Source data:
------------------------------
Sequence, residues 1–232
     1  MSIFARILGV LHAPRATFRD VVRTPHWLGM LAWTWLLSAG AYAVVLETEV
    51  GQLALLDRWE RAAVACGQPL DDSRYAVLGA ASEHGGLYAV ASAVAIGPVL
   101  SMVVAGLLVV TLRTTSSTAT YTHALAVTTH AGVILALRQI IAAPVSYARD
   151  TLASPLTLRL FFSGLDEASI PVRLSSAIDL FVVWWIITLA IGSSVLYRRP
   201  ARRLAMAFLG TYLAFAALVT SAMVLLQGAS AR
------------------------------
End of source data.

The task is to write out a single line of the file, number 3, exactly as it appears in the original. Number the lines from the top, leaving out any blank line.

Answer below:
    51  GQLALLDRWE RAAVACGQPL DDSRYAVLGA ASEHGGLYAV ASAVAIGPVL